OSU Navigation Bar

The Ohio State University University Libraries Knowledge Bank

Geochemical Analysis of Waters in a Tropical Glacial Valley, Cordillera Blanca, Peru

Please use this identifier to cite or link to this item: http://hdl.handle.net/1811/45619

Show simple item record

Files Size Format View
Patrick_Burns_Honors_Thesis.pdf 1.796Mb PDF View/Open

dc.contributor.advisor Lyons, Berry
dc.contributor.advisor Mark, Bryan
dc.creator Burns, Patrick
dc.date.accessioned 2010-06-07T19:52:51Z
dc.date.available 2010-06-07T19:52:51Z
dc.date.issued 2010-06
dc.identifier.uri http://hdl.handle.net/1811/45619
dc.description.abstract The Cordillera Blanca, located in the central Andes of Peru, is the most glacierized mountain range in the tropics. Most of the Peruvian population lives in the arid Pacific plains which are heavily dependent on glacial melt and runoff from these mountains, especially during the dry season. Thus understanding the current physical and chemical hydrology of the region is imperative for making future predictions about climate impacts. The objective of this study is to examine a variety of geochemical parameters in a glacial valley and to determine how and why these parameters vary with elevation and between groups (surface water vs. groundwater). During the dry season of July 2009, surface water and groundwater samples were collected from the proglacial zone of Quilcayhuanca valley, a basin that is 20% glacierized and drains an area of 90 km2. The water samples from the valley (n=25) were analyzed for major cations (Ca, Mg, Na, K, Fe(II)), major anions (F, Cl, SO4), nutrients (total N, total P, and Si), and stable isotopes of water (δ18O, δ 2H). Field measurements like pH, conductivity, and temperature were also collected. The valley’s acidic waters (pH 3-4) are dominated by the major ions Ca2+, Mg2+, and SO42-, the last of which is a remnant of pyrite oxidation. Total P and total N show no trend with elevation while Si generally increases with decreasing elevation. Groundwater samples are differentiated from surface water samples by lower pH, specific conductance, and total P and higher Na+, K+, HCO3-, Si, and δ18O. Using a simple, two end-member mixing model the surface waters leaving the valley at the last site in the drainage basin were calculated to be a mixture of approximately two-thirds surface water (mostly glacial melt) and one-third groundwater. en_US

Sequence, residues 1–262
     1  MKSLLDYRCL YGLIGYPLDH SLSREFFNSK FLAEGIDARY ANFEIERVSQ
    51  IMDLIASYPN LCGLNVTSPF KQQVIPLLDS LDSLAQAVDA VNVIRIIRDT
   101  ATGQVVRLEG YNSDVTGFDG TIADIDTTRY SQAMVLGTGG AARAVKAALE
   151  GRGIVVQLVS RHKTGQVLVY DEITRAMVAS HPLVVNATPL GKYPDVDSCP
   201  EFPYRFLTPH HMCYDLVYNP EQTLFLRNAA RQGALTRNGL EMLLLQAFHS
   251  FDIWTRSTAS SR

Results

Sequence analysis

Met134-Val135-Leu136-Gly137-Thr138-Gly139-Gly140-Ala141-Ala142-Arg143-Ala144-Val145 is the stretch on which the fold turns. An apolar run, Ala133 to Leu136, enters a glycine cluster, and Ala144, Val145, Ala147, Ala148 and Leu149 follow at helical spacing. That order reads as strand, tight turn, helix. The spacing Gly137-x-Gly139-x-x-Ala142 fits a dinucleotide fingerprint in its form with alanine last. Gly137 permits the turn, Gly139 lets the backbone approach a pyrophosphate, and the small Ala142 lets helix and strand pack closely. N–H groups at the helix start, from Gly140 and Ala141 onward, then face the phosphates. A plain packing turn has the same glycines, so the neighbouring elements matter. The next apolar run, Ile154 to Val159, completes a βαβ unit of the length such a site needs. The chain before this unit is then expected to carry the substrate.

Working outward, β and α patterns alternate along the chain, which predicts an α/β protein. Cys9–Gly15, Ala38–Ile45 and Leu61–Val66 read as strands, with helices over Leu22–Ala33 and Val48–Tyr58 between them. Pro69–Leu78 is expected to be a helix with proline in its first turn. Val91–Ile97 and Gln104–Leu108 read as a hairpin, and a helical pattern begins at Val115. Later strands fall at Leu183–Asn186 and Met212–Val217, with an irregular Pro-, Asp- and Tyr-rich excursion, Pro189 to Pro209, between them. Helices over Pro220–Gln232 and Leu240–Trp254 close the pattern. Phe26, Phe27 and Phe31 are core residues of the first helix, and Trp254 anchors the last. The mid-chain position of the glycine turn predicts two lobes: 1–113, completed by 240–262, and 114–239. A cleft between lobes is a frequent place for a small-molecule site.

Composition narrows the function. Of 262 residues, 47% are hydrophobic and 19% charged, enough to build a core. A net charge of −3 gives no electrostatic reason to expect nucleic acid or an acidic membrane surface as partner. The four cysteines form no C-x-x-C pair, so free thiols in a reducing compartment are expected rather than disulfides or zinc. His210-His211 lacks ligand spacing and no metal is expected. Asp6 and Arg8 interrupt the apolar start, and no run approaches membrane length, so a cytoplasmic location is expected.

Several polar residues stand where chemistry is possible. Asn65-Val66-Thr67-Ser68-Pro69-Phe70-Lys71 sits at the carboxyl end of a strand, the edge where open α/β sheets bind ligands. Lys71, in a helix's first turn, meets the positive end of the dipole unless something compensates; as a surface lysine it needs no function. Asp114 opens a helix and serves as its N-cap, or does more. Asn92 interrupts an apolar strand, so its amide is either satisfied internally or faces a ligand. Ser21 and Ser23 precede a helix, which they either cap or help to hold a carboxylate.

dc.description.sponsorship The Climate Water and Carbon Program at Ohio State en_US
dc.description.sponsorship Ohio State University Arts and Sciences Undergraduate Research Scholarship en_US
dc.description.sponsorship Goldthwait Scholarship in Earth Sciences en_US
dc.description.sponsorship Rector Scholarship in Earth Sciences en_US
dc.description.sponsorship Ohio Environmental Science and Engineering Scholarship en_US
dc.description.sponsorship Ohio State University College of Mathematical and Physical Sciences Alumni Scholarship en_US
dc.language.iso en_US en_US
dc.publisher The Ohio State University en_US
dc.relation.ispartofseries The Ohio State University. School of Earth Sciences Honors Theses; 2010 en_US
dc.subject tropical glaciers en_US
dc.subject meltwater and groundwater en_US
dc.subject geochemistry en_US
dc.subject nutrients en_US
dc.subject major ions en_US
dc.subject stable isotopes of water en_US
dc.subject Cordillera Blanca en_US
dc.title Geochemical Analysis of Waters in a Tropical Glacial Valley, Cordillera Blanca, Peru en_US
dc.type Thesis en_US
dc.description.embargo No embargo en_US